You know that kid from school when you were 7 years old? The one who always had to be the absolute best and everything? You say “I got a lollipop!” and he says “Well I got a magical lollipop that was made from ground unicorn horn and brought across the sea by pirates and it glows in the dark and makes it so I never have to take baths!” He’s probably not a bad kid at heart, he just has to one-up everyone; he over-embellish even the most mundane situation and tacks on more and more unbelievable things trying to make himself look cool.
I kind of felt like Red Wolf Conspiracy was that kid. There was a core of a good story and some really nifty ideas about magic and history and worlds… but the author just took on too much. It’s as though he had a hundred cool ideas, and rather than dole them out in a few stories or books or worlds he decided that he had to get them all into this book right now or he might never get another chance.
The story started out pretty strongly, introducing interesting characters and setting the scene with skill. The world felt a bit like Victorian London at the start, and Redick skillfully added layers of intrigue and magic to his basic premise through the first third or half of the book. I was quite engaged, I enjoyed the characters, and tore through the first 200 pages with alacrity. I absolutely loved the idea of the Sisterhood (Sisterhood of the Lorg, maybe? Can’t recall the name now) and I desperately wanted the author to do more than just toe at the implications of it. The main character’s language-magic was also really neat and original.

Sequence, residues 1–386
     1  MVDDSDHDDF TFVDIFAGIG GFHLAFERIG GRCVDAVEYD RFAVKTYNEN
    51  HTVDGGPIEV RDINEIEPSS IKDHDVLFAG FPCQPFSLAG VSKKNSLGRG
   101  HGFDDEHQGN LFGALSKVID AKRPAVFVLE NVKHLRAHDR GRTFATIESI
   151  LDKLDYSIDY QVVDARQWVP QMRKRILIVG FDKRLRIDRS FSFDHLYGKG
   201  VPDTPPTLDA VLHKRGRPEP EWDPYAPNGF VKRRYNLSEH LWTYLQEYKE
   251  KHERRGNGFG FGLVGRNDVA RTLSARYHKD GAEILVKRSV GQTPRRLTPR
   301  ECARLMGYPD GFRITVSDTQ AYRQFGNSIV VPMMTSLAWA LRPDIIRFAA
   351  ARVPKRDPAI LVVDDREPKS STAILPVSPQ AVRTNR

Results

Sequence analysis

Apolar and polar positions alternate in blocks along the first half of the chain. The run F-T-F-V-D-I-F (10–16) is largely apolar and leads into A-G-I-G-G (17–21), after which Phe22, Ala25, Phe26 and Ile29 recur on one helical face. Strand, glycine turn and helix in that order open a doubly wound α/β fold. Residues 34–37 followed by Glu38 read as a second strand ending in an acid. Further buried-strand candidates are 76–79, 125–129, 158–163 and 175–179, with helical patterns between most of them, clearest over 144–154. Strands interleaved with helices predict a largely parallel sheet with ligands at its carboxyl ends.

Sadly, after a solid start the second half kind of fell apart. It stopped reading like a well-crafted, subtle, adult-fantasy and started feeling more like a slip-shod kids book, with magical elements thrown in to impress and awe rather than to serve any useful purpose in the story. Several of the character meetings and plot points felt extremely contrived, and I couldn’t suspend my disbelief enough to get over it and enjoy the book. I stopped feeling an emotional connection to the characters because I was so grumpy with the downward turn in quality – it was a terribly frustrating experience.
Luckily the ending of the book managed to salvage things a bit, so I finished the story just “disappointed” instead of “actively annoyed.” I really don’t know how to resolve such a great first half with such a shoddy second half. Did the editor get sleepy half way through the book and not finish it? Or did the publisher insist on a limited page count, so rather than exploring concepts at a leisurely pace, Redick felt like he had to smoosh everything in quickly? I don’t know, but it didn’t work out.
I want to be optimistic and say that surely some of the “first writer foibles” will be remedied in later books. I guess I’ll see how accommodating I’m feeling when book 2 hits the shelves – I’d love to see a story that is as polished overall as the first half of Red Wolf Conspiracy.